It’s a Helluva Town

I have been in New York City almost three weeks, and yet I still haven’t grasped that I actually live here.  Have you ever wanted something so much that once you get it, you can’t believe that it’s real?  That’s how I feel about living in New York.  I have been dreaming of it my whole life, and now that dream is real; I’m living it.

Things are starting to feel normal now.  Well, more normal.  I have now been in New York longer than I ever have, and it’s starting to feel like home.  I know, you’re wondering how a city of over nine million people, massively tall buildings, frequent noise, and a definite lack of greenery can feel like home.  Not to get all Bill-Clinton-at-the-Impeachment-Trial (oh the 1990s!) on you, but it depends on what the definition of home is.  Sure, “home is where the heart is,” but I think home is a place you feel comfortable and happy and especially where you feel infinitely sad upon leaving.

I suppose I’m still in the “honeymoon phase” of my life here: everything seems wonderful and new and significant.  You know what?  I’m okay with that.  I think we’re too jaded these days about everything in our lives; we’ve seen it and done it all.  I don’t want to go through life never enjoying anything because it’s passé to still be genuinely amazed by things.  Though I’m starting to feel more at home here, sometimes I’m walking around Manhattan at night when the skyscrapers are all lit up, and I can’t catch my breath.  I just look around me in wonder, thinking, “Wow, I really live here.  It’s just so beautiful.”  I have a realistic version of New York City and a romantic one; usually I live somewhere in between, but right now, I’m living more in the romantic one, the one where the sight of the Chrysler and Empire State Building make me swoon and a leisurely walk through Central Park makes me dream about having a great romance with someone.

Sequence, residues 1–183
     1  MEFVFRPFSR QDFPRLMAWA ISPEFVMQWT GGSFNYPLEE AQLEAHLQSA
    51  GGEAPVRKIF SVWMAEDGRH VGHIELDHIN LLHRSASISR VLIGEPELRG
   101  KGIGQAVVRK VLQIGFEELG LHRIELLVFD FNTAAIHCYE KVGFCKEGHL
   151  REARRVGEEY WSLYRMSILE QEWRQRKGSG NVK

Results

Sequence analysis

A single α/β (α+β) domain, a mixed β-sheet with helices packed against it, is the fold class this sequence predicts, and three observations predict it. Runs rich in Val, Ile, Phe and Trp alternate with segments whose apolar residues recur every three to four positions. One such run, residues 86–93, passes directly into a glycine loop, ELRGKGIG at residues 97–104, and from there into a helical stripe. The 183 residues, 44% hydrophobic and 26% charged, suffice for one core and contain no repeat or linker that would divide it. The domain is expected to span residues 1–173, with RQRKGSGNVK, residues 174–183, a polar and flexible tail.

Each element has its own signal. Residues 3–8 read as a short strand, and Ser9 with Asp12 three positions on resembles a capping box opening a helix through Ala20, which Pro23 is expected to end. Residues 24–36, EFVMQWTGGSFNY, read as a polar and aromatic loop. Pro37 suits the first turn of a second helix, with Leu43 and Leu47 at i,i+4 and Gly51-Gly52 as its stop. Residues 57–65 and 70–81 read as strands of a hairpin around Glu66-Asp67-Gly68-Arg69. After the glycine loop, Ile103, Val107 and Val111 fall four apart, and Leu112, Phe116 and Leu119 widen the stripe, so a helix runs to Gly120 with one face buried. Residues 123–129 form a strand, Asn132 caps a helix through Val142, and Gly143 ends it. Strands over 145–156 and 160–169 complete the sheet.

I have my worries too, mostly concerning finances.  In a city where you have everything at your fingertips, they don’t tell you how much having everything at your fingertips actually costs.  I suppose it’s a rude awakening for any young person, moving out on his or her own and starting their life.  Having to pay for everything your parents took care of for you like groceries and utilities and transportation can feel overwhelming.  I’m only about three weeks into it, and I finally fully understand my parents’ worries about how to make ends meet.

On the other hand, I am wholly optimistic about the future.  As of this moment, I only see possibilities, and I’m keeping the negative thoughts at bay.  The bad comes with the good too, you see, and you have to figure out how to deal with both, and right now, I’m doing a pretty good job of focusing my energy into positivity.  Yesterday, I auditioned for and was cast in a cabaret show at the Duplex down in Greenwich Village.  It showcases emerging talent and gives us an opportunity to perform, potentially for agents/managers.  I’m performing in November, and I’m pretty excited to have a chance to do that again since I spent my summer winery-ing and being jealous of all my friends with summerstock jobs.  It’s a place to start.

A New York debut.  You only get one (and of course, you only get one Broadway debut, but that will take longer to secure).  It’s hard not to feel like I’m on the precipice of something special…a life finally fully beginning.


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